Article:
Shanghai is China’s largest city – it is modern, fast-paced and a growing hub for business, culture and the arts.
With a population of over 20 million, the megapolis is China’s most developed city. Known as the ‘Paris of the East’, Shanghai’s culture is a modern fusion of East and West thanks to its colonial past. Catholic churches stand side by side with ancient Buddhist temples, while the heritage buildings on the Bund face the modern skyscrapers of Pudong.
The Shanghainese love for glamour, wealth and western culture is evident from its 1920s calendar girls, romance novels and film industry which helped to pave the way for modern Chinese culture. The traditional Chinese dress, qipao, was also a symbol of modern Shanghai in the 1930s.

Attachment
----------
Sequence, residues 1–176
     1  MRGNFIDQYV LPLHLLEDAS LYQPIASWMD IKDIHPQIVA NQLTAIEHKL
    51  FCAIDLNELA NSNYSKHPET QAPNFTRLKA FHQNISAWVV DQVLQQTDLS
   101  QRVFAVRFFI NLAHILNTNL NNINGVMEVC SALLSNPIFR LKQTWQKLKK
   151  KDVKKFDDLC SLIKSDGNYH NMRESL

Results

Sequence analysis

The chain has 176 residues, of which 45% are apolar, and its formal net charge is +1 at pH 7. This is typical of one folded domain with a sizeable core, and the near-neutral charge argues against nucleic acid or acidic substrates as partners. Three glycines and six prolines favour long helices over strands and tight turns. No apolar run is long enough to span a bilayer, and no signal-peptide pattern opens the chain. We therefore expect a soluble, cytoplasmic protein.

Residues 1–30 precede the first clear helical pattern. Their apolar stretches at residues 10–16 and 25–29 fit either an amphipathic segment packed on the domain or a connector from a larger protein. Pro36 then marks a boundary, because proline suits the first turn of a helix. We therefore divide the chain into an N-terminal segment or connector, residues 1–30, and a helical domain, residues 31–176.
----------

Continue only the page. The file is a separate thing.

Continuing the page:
The city’s culture is a unique blend of traditional and modern, Eastern and Western. Shanghai’s history as a commercial trading port is evident event from its name. Shanghai, which means ‘on the sea’, was once a fishing village at the mouth of the Yangzi River.
During the Song dynasty, it grew into a major commercial port trading in silk, cotton and tea. Shanghai was the site of the infamous Opium War in the 1800s, which resulted in the city opening up to foreign traders from Britain, America, France and Russia.
The city has seen economic boom since the open-door policies of 1976 and is today a futuristic and cosmopolitan city.